Early Childhood Comprehensive Systems Collaborative Improvement and Innovation Network (ECCS CoIIN)
by Debbie Cheatham, BSN, MS, DNP, and Catherine Bodkin, MSW, MSHA, LCSW, Senior Technical Assistance Specialists supporting the ECCS CoIIN Project at ZERO TO THREE
Early childhood services stretch across state and local systems. There is an increased need for coordination and integration of these services in order to better serve children and families. To ensure that children reach their developmental potential and are ready to thrive in kindergarten, 12 states (Alaska, Delaware, Florida, Hawaii, Indiana, Kansas, Louisiana, Massachusetts, New Jersey, New York, Oklahoma, and Utah) are participating in the Early Childhood Comprehensive Systems Collaborative Improvement and Innovation Network (ECCS CoIIN). Each state selects up to five communities to develop early childhood systems that promote healthy child development and take a proactive approach to identifying developmental challenges as early as possible. The ECCS CoIIN aims to improve the developmental skills of 3-year-old children in these communities by 25% over a 5-year period. Funded by the Health Resources and Services Administration, the National Institute for Children’s Health Quality (NICHQ) uses a collaborative, innovative quality improvement methodology, in which the states and their communities implement a series of evidence-based solutions and use data to track results. ZERO TO THREE is sub-contractor under NICHQ to assist in supporting this work.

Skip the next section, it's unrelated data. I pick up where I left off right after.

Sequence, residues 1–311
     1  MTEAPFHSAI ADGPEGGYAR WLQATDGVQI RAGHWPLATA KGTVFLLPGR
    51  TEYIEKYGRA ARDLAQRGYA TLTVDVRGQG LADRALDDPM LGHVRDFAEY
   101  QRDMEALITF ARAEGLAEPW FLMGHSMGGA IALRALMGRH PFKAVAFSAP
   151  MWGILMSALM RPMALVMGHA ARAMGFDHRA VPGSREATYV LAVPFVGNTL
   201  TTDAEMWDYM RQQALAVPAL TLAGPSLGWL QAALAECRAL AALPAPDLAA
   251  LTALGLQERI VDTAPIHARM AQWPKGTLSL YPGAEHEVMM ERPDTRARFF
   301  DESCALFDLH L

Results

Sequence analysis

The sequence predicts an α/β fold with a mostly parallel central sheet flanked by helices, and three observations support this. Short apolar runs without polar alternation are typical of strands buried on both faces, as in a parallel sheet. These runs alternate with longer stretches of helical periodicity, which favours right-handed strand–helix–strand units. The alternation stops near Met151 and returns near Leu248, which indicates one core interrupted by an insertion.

One early shining star is New Jersey, which is in Year 2 of implementing the ECCS CoIIN in Camden, Cumberland, Essex, Middlesex, and Passaic counties. These communities were selected because of the following criteria: higher rates of children living in poverty, racial and ethnic disparities, higher rates of unemployment, inadequate housing, low educational attainment, higher rates of family violence, higher rates of child abuse and neglect, higher rates of gang involvement and crime, growing need for translation services and bicultural staff, limited access to child care options, lower rates of health care coverage, and lack of services to support referral efforts. The primary focus is to develop a system of care, well-integrated across state and local supports and services, to improve infant and child outcomes, eliminate disparities, support parents and families, and strengthen communities. Through the system-building efforts, all children will receive developmental screenings and families will have access and be referred to services and supports to promote healthy child development and meet the overall aim to improve developmental skills of 3-year-old children.